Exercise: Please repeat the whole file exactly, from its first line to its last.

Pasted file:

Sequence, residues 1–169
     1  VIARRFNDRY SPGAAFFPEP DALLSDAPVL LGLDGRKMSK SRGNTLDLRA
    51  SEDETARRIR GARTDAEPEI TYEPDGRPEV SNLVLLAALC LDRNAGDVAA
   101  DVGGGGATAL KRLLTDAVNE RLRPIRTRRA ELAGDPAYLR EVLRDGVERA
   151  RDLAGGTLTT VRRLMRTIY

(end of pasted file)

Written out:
Sequence, residues 1–169
     1  VIARRFNDRY SPGAAFFPEP DALLSDAPVL LGLDGRKMSK SRGNTLDLRA
    51  SEDETARRIR GARTDAEPEI TYEPDGRPEV SNLVLLAALC LDRNAGDVAA
   101  DVGGGGATAL KRLLTDAVNE RLRPIRTRRA ELAGDPAYLR EVLRDGVERA
   151  RDLAGGTLTT VRRLMRTIY